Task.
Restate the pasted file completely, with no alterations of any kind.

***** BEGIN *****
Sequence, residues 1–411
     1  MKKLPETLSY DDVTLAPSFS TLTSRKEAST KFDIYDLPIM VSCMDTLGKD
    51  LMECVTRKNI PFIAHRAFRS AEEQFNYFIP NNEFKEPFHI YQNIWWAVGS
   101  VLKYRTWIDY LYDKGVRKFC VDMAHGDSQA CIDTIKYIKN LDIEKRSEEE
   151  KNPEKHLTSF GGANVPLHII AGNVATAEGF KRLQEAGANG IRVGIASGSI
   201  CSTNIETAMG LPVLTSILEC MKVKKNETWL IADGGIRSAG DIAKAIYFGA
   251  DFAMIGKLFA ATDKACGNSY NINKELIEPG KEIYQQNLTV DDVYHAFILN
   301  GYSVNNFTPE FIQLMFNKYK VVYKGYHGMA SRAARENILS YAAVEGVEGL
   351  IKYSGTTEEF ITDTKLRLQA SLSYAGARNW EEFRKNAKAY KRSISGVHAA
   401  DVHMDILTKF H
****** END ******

Sequence, residues 1–411
     1  MKKLPETLSY DDVTLAPSFS TLTSRKEAST KFDIYDLPIM VSCMDTLGKD
    51  LMECVTRKNI PFIAHRAFRS AEEQFNYFIP NNEFKEPFHI YQNIWWAVGS
   101  VLKYRTWIDY LYDKGVRKFC VDMAHGDSQA CIDTIKYIKN LDIEKRSEEE
   151  KNPEKHLTSF GGANVPLHII AGNVATAEGF KRLQEAGANG IRVGIASGSI
   201  CSTNIETAMG LPVLTSILEC MKVKKNETWL IADGGIRSAG DIAKAIYFGA
   251  DFAMIGKLFA ATDKACGNSY NINKELIEPG KEIYQQNLTV DDVYHAFILN
   301  GYSVNNFTPE FIQLMFNKYK VVYKGYHGMA SRAARENILS YAAVEGVEGL
   351  IKYSGTTEEF ITDTKLRLQA SLSYAGARNW EEFRKNAKAY KRSISGVHAA
   401  DVHMDILTKF H